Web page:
Turner & Townsend wins QS role on two “high-rise” schools in New South Wales

Turner & Townsend has been chosen to provide cost management and advisory services for two schools in New South Wales (NSW), Australia.

The Parramatta Public School and the Arthur Phillip High School will become the first "high-tech, high-rise, future-focused schools in the region" with an investment of over US$70m.

Key features of the design include:      

  • Highly adaptable, technology-rich teaching and learning spaces
  • Formal and informal gathering areas for teacher and student interaction  
  • Diverse indoor and outdoor spaces to encourage sport, activity and passive play
  • Community service and recreation spaces  
  • Welcoming meeting areas for parents and teachers  
  • Heritage buildings retained and integrated into the design

Adrian Piccoli, Australian minister for education, said "An international competition for the tender ensured the schools will have the best possible educational facilities.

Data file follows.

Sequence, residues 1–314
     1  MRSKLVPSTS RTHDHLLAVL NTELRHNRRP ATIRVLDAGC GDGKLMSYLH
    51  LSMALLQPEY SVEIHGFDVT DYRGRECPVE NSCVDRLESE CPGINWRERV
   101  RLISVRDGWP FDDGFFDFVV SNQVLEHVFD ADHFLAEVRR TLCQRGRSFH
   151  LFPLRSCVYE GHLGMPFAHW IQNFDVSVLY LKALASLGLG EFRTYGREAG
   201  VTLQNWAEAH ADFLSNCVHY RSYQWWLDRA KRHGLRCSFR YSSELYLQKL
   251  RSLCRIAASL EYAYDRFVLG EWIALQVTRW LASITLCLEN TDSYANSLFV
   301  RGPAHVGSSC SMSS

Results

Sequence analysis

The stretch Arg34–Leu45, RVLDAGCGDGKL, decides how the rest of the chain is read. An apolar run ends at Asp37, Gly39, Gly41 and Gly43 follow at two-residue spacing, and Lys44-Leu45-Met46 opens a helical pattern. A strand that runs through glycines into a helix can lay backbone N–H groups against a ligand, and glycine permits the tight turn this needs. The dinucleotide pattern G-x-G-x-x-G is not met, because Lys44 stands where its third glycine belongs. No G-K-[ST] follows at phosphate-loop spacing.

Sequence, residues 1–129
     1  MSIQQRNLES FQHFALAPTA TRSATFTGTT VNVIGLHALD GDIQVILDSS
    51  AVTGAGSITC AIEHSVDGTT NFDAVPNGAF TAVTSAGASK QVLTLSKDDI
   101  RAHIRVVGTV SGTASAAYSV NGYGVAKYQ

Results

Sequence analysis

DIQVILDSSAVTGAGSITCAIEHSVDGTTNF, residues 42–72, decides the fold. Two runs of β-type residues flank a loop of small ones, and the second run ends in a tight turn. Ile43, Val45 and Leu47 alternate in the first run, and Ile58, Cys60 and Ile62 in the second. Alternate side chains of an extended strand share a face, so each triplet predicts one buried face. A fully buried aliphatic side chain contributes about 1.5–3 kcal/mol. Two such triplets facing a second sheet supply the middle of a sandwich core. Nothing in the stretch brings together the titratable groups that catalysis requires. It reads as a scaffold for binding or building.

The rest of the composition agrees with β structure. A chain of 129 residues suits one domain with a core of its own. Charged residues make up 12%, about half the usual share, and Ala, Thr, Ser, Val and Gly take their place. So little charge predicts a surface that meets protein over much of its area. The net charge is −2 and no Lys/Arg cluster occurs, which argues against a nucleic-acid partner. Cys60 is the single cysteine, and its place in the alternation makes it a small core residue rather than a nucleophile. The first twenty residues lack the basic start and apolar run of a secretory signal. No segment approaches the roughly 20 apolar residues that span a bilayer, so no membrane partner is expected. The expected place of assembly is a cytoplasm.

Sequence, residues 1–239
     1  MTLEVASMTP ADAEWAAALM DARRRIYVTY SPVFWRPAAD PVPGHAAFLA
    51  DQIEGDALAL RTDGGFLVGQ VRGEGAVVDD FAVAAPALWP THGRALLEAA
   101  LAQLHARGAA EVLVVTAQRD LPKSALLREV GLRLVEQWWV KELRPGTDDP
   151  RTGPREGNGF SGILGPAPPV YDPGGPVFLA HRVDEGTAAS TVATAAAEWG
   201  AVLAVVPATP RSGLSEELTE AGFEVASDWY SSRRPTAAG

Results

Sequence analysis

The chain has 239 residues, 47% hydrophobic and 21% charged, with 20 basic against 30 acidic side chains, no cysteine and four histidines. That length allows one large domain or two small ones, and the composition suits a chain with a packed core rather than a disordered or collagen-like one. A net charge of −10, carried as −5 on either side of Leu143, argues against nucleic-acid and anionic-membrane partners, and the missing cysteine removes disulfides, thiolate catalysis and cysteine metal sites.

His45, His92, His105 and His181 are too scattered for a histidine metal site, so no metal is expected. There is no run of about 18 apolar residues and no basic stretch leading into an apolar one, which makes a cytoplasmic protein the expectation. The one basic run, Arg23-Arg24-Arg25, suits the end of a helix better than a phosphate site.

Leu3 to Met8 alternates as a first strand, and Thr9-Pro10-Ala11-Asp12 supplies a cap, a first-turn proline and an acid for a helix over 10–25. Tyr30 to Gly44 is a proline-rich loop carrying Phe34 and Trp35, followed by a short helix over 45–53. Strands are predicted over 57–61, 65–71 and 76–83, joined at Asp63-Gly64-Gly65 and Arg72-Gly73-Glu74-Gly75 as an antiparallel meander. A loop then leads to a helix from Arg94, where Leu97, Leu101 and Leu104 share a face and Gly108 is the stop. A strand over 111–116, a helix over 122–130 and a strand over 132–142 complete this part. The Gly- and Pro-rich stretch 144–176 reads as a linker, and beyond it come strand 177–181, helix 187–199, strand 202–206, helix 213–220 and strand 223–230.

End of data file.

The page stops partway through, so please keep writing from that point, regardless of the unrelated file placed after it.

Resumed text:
"By building a high-rise school we’ve been able to significantly increase the size of the playground as well as cater for more students at Arthur Phillip High School.

"These future-focused schools will allow students keep pace with the new technologies they’ll need to master as they enter the workforce."

Anooj Oodit, managing director of Turner & Townsend Australia and New Zealand, said:  "Vertical high-rise schools are an increasing trend in modern cities as communities look to accommodate growing populations and new ways of learning.

"The re-development of Arthur Phillip High School and Parramatta Public School will set the benchmark for future high rise schools in Australia.

"Through our extensive experience of delivering complex education projects, we are delighted to have been appointed on the project to support the department in achieving its objectives."

The company was recently appointed to provide project management services on the first vertical high school in the South Australia region, which will cater for 1,500 students.

Images courtesy of Grimshaw

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